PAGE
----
One Hundred Years Later

By Philip D. Mock, CFA, CPA, CFP®

By the time this note is published, the 2020 election will have ended…and perhaps the votes may even be counted! Although this election cycle has been contentious, I cannot help but wonder whether they all are. Maybe our memories fade every four years, causing us to forgot how high the stakes felt in the prior election. And if our memories fade after only four years, I am certain they have faded after one hundred years. Let’s take a step back and consider a century ago.

The year is 1920. Two years earlier, World War I effectively ended with the ceasefire signed in France on November 11, 1918 (a date originally known as Armistice Day but now celebrated as Veterans Day). The Treaty of Versailles, which was the formal end to the War, was not signed by the Senate until months later on June 28, 1919.

Armistice Day 1918

Armistice Day in New York City, 11/11/1918. NY Times/Associated Press.

For the better part of the two years prior to the 1920 election, the Spanish Flu had ravaged the globe. Ultimately, 500 million people contracted the virus, and an estimated 50 million people died. To put that number in perspective, approximately 2-3% of the world died as a result of the Spanish Flu; today, that same percentage would translate to the equivalent of about 200 million deaths.

The War was the primary transmission vehicle, with soldiers being exposed all across the European theater, and ultimately bringing the virus home to the United States at the conclusion of the war.

The 1920 U.S. Election

President Woodrow Wilson, who had already served two terms, would have been eligible to serve a third since presidential term limits would not be established until 1951. However, by the end of the War and his second term, President Wilson had become extremely unpopular and also fallen rather ill.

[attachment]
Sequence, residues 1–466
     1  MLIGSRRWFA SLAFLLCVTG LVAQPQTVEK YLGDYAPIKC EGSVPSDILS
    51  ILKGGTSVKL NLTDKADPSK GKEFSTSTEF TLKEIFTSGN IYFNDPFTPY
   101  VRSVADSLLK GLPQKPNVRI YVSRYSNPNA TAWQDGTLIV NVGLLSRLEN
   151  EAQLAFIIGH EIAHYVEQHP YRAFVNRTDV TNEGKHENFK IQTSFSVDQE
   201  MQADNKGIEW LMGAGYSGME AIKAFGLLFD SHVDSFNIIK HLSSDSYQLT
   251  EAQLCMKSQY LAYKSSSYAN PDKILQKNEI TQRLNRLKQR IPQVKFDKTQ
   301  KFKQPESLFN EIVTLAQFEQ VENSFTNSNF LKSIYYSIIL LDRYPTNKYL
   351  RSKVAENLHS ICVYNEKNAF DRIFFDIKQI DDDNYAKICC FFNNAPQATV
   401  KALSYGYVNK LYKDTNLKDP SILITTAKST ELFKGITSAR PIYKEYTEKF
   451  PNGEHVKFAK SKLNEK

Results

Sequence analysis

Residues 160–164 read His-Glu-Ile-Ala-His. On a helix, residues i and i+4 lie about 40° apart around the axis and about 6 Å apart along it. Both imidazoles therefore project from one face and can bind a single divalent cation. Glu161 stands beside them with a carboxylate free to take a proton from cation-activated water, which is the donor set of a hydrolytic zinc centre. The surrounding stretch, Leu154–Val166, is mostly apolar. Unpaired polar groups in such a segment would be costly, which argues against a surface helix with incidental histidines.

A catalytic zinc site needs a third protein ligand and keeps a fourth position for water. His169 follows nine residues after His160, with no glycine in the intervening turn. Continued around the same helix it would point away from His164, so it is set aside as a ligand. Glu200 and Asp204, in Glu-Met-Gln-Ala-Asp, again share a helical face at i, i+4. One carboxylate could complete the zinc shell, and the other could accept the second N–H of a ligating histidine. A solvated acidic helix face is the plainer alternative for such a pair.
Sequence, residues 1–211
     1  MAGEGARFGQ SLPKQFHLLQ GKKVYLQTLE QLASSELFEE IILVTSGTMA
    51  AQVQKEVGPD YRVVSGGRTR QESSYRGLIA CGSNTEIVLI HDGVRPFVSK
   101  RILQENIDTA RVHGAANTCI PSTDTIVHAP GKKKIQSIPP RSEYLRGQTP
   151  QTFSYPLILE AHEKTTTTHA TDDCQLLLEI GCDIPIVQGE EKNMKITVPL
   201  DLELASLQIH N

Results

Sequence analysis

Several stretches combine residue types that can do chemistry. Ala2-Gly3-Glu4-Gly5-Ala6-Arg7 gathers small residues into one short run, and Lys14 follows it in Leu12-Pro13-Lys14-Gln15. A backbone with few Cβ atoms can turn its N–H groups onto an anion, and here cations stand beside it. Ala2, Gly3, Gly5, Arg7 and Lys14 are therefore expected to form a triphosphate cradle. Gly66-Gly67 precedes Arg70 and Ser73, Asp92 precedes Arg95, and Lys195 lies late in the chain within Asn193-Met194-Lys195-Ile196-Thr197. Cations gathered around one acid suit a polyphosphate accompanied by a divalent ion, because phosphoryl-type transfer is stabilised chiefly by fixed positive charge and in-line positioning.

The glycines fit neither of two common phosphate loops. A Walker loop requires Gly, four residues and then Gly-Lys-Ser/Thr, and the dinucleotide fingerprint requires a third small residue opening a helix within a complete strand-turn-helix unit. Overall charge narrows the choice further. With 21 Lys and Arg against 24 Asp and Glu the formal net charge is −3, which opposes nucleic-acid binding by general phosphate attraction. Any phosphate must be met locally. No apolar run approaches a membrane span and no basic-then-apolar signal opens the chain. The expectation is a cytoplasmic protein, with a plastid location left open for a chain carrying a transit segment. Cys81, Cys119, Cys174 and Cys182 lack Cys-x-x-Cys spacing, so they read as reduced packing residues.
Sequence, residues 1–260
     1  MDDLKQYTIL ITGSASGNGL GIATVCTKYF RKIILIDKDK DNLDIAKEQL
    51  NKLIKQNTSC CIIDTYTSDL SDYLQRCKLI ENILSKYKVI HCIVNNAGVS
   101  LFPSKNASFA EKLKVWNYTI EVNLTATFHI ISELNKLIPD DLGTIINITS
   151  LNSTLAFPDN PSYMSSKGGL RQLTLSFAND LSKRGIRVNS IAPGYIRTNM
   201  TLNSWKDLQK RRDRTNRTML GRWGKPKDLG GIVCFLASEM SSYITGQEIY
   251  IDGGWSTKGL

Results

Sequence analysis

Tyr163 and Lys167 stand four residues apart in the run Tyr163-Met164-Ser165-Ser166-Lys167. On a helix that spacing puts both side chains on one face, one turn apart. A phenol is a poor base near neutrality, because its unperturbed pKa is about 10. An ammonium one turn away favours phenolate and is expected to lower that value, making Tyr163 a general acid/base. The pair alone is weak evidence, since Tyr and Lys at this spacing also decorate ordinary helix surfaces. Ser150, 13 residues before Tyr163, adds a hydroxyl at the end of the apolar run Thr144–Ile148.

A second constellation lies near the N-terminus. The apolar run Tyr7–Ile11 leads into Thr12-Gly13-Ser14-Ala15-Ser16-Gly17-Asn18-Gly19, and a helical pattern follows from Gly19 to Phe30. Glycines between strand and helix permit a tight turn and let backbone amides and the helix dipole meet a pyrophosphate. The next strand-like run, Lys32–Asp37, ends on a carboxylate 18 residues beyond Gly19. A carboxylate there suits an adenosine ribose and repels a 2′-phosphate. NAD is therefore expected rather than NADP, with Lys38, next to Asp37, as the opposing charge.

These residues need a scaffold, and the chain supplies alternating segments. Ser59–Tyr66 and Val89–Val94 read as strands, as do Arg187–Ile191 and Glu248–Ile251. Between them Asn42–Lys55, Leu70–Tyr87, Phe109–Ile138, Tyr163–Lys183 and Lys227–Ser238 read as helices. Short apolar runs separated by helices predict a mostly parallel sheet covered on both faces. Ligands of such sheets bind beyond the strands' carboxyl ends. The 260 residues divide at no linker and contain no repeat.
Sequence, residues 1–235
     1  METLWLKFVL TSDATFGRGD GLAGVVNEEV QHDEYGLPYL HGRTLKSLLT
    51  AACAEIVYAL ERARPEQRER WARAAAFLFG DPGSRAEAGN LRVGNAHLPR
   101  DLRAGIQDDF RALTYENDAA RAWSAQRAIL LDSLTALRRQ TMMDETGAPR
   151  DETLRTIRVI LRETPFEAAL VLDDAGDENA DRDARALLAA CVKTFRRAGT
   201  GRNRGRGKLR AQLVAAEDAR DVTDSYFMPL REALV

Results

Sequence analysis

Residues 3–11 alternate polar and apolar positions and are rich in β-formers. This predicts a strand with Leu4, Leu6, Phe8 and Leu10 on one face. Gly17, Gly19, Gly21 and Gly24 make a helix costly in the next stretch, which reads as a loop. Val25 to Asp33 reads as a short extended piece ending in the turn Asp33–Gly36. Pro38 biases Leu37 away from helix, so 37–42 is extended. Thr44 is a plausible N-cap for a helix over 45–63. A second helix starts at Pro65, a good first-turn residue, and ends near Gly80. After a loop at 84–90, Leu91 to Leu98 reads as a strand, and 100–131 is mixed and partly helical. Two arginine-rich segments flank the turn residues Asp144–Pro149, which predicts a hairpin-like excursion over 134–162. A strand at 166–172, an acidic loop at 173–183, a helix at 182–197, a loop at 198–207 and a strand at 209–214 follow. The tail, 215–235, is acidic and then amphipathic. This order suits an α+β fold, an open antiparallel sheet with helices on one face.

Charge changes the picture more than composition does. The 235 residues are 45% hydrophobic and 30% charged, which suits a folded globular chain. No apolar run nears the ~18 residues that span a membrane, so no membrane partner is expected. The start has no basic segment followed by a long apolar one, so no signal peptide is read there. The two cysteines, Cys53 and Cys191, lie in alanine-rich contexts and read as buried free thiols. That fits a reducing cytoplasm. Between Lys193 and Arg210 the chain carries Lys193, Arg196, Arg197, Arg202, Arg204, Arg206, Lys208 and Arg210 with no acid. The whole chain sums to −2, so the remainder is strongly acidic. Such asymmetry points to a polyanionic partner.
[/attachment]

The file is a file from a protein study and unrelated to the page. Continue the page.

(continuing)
Ultimately, Democratic national leaders decided he was too weak and too ill for a third term, and refused to nominate him. He would later pass away in 1924. Thus, the Election of 1920 pressed on without an incumbent candidate.

The Republican National Convention produced eight major candidates. They ultimately selected Senator Warren Harding of Ohio, with Calvin Coolidge as the Vice-Presidential nominee. The Democratic National Convention had over 10 major candidates and ultimately selected James Cox, the Governor of Ohio, with Franklin D. Roosevelt as his running mate.

The outcome of the 1920 election is no secret. Warren Harding won by a comfortable margin, with 404 electoral college votes (of the 266 needed at the time), and 60% of the popular vote. It was the lowest voter turnout (49%) going back nearly 100 years prior to the election of 1824, which only had a 27% voter turnout. Harding’s term would ultimately be shortened by his death in 1923 (ironically, passing earlier than Wilson).

1920 Electoral Map

1920 Electoral Vote Map, United States Geological SurveyPublic Domain

Politics Filling the Air With Radio Waves

The 1920 Election was also notable for another reason. According to the Library of Congress, the Election of 1920 was the last in which campaign speeches were available to the public by record albums (phonographs).

On November 2, 1920, KDKA made a commercial radio broadcast, a first, and announced the election results over the airwaves. From that day forward, radio would change the election landscape for years to come with speeches, debates, and other campaign propaganda distributed by radio waves rather than by record albums. It would not be until the first televised debates that election media would go through such a revolution again.

While I can’t say that I listened to any debates this year by radio, or phonograph, I’m sure that this decade will be reflected upon for its reliance on streaming internet media to help broadcast our electoral process to not just North Americans, but the rest of the world.

Compared to the 1920 election, our elections of 2020 are very different, and yet principally the same. One hundred years from now, I wonder if we’ll be able to say the same thing.

Philip D. Mock, CFA, CPA, CFP®

Senior Vice President & Chief Investment Officer

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